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Superannuation

(Course Tittle)

Table of Contents

Table of Contents 2

Introduction 3 1.0

SMSF –Typical Asset allocation 4 2.0

SMSF-Risk 6 3.0

Conclusion 8 4.0

Bibliography 9

1.0 Introduction

Self-Managed Superannuation Fund is a kind of superannuation scheme that is set up to provide income for the members of the scheme (Antolin et al 2009). It is a trust fund where the fund beneficiaries are also members of that fund. It must exist solely to provide retirement benefits to members only. An SMSF fund is set up in a way such that it can only have four members and in most cases, it consists of couples. Since the completion of the Walli’s inquiry in 1997, the assets of Superannuation assets and shares have more than doubled and by December 2013, it was 100% double (Ashcroft 2009). This increase is because of many factors, which have resulted into the growth of the sector and the fund in specific. Some of the factors include the tax incentive adopted by the Australian government, compulsory SG, and the drastic changes in the retirement’s lifestyle expectation (Ashcroft 2009). In the superannuation industry, in Australia, self-managed superannuation is the fast growing segment. In the year 2013, the fund was around $ 500 billion in assets only, and that composed of over one third of the total industry assets that currently stands at over $ 1.6 trillion that is an increase from 19995 from 9% to 20% equivalent to 30% increase in the real GDP (ABS 2013). The figure below shows the growth in SMSF.

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It can be noted that the Superannuation system changed for as long Period and a drastic shift away from DB scheme towards DC scheme, with most of DB schemes shares moving downward (Antolin et al, 2009). The decline in the DB scheme has coincided with the decline with the shares of Superannuation funds held by the public sector has most of the shares are currently owned by private investors (Antolin et al 2009).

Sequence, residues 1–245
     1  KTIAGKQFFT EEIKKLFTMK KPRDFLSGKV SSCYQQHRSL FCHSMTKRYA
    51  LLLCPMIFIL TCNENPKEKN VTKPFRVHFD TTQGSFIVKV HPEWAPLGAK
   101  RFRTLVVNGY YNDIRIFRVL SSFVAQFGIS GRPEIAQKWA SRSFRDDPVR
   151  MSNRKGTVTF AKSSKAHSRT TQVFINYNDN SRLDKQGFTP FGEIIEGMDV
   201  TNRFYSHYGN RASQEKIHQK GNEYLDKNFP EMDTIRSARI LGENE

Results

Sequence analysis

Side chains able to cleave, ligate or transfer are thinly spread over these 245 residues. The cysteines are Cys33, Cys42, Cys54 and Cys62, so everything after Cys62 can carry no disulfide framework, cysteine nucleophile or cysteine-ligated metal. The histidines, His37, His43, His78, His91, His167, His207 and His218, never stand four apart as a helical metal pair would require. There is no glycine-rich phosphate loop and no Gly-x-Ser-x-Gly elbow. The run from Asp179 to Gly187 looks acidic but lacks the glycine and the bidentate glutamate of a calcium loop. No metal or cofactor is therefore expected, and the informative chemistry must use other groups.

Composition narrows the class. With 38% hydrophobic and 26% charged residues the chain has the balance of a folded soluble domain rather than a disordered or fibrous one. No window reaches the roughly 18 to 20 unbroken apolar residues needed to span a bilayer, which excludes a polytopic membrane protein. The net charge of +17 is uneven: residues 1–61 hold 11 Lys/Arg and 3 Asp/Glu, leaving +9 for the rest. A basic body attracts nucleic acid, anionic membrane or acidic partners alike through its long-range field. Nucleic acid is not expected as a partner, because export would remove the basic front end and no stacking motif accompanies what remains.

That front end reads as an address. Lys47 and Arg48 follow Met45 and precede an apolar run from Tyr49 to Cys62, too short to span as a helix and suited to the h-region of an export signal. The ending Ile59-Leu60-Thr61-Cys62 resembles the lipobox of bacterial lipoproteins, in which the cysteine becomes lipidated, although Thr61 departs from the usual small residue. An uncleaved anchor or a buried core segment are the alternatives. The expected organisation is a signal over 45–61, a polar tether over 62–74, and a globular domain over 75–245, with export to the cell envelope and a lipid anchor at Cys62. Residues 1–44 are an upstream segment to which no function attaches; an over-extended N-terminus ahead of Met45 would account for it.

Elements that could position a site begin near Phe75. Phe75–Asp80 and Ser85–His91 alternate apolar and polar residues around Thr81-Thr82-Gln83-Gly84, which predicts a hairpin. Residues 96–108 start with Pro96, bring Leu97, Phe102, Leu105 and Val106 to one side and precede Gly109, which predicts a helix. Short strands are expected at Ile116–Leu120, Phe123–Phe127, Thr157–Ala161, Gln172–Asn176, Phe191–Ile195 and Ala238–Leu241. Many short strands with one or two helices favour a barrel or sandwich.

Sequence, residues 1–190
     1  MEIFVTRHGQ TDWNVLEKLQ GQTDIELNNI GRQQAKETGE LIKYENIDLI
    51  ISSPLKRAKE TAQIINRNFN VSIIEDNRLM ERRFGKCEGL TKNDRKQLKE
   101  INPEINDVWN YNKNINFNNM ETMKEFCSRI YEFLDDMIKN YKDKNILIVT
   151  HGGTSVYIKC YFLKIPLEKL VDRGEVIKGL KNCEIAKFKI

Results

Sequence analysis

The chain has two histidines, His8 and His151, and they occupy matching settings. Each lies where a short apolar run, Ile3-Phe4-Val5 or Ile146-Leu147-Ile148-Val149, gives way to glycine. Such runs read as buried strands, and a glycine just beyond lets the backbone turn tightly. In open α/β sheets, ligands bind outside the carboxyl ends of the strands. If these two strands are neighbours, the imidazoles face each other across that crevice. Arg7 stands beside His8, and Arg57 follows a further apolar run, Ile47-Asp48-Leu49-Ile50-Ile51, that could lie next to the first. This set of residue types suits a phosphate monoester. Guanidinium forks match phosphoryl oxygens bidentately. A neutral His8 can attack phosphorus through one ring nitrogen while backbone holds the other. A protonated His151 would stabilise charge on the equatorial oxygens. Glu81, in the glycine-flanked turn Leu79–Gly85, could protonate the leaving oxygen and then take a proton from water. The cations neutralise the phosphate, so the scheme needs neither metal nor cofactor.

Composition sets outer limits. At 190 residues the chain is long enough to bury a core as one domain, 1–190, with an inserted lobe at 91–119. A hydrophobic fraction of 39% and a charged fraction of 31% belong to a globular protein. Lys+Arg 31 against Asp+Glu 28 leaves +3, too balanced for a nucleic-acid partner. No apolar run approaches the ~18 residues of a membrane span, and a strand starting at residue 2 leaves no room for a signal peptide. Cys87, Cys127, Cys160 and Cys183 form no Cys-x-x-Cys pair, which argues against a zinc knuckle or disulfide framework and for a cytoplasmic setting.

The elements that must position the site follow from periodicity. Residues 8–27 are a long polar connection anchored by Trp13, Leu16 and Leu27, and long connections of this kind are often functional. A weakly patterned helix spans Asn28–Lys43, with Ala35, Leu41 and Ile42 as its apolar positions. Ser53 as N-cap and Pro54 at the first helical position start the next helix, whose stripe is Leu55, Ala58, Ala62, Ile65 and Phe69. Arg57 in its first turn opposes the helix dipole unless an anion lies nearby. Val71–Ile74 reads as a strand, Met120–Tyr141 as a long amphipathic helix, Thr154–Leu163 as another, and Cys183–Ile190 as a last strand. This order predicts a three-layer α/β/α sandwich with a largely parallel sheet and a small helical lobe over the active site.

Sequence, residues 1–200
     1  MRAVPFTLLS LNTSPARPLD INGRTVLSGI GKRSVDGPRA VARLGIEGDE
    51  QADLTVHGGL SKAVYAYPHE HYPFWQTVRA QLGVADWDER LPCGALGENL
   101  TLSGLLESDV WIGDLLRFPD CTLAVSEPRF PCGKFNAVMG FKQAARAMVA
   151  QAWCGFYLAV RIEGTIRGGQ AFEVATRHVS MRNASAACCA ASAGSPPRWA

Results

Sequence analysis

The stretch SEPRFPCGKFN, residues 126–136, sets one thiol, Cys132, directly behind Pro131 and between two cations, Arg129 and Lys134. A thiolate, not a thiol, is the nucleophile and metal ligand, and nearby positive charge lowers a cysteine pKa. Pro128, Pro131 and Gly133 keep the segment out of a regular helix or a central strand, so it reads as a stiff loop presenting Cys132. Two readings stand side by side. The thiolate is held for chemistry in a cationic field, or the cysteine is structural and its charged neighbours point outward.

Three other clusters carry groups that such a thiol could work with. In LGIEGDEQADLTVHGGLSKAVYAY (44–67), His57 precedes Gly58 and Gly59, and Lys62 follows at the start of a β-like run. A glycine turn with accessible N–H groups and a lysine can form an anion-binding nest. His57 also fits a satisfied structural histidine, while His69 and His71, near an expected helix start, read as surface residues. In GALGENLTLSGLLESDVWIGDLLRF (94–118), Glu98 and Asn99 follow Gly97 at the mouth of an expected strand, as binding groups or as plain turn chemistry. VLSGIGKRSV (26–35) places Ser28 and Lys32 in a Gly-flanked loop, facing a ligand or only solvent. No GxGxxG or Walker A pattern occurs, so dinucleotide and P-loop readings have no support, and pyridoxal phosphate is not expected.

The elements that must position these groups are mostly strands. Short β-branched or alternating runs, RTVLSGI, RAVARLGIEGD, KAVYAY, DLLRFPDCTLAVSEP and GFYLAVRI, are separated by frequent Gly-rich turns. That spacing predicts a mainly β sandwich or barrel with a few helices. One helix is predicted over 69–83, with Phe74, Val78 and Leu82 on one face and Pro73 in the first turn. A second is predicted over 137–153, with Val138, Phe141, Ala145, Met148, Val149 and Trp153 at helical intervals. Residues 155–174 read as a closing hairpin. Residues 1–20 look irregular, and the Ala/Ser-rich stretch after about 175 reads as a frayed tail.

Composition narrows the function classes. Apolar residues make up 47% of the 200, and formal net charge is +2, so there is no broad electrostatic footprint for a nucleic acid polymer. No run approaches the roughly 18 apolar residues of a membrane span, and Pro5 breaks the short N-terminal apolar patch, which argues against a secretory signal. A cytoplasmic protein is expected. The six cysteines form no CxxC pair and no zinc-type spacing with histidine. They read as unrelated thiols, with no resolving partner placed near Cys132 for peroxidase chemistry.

2.0 SMSF –Typical Asset allocation

The asset allocation of Australian fund normally reflects their effort to try to balance return, risk and liquidity requirements. Equities accounted for the largest percentage of Australian Superannuation assets while others constitute smaller percentage (Ashcroft 2009). The fund has lower allocation to fixed income than most OECD counterparts do. The lower allocation is motivated by low demand from funds, given that Australia bond market is in line with a number of other OECD countries. The investment is also characterized with low risk return and liquidity on non-financial corporate bond that are on offer in the market (Ashcroft 2009).

SMSFs if compared with other types of funds have a larger share of cash investments that includes deposits but have negligible share of debt securities. Given that cash investment and other fixed income investments may be considered substitutes, this fund asset allocation may reflect the ease of investments in cash and term deposits compared with debt securities. The SMSFs mostly invested in active equity as opposed to passive equity (Ashcroft 2009).

With SMSFs funds, domestic equities are the most popular investment choice for SMSFs, accounting for around one-third of their total assets (Ashcroft 2009). SMSFs hold smaller share of their assets in foreign equities, their direct holding of foreign equities are negligible and the total exposure of their asset class is likely to be quite small compared with other funds.

The introduction of the law that allows employees to choose the fund that their employers can deposit their contribution and the fund they can use has assisted the employees to choose SMSF (Ashcroft 2009). This law has also made it more flexible for the people to choose SMSF contributing to its rapid growth in the past decades. The choice of the benefit payments also played a crucial part in the growth of superannuation fund and asset (Ashcroft 2009). If the benefit payments were taken as a form of an account-based income stream, then the assets will stay longer on the superannuation system while the benefit taken as a lump sum payment which will remove the asset from the system quicker. Since the introduction of this law, many have chosen income stream, benefit payment, as opposed to lump sum payment hence increasing the asset growth (ABS 2013). For SMSFs, almost 70% of the benefits payments are in the form of the income stream whereas for other funds, income stream currently account only 40% of the total benefit payments. As a result, the share of superannuation assets held in MSMSFs increases, then it is likely that the proportion of benefit payments taken as an income stream will also automatically continue to increase explaining high growth rate in superannuation funds (ABS 2013).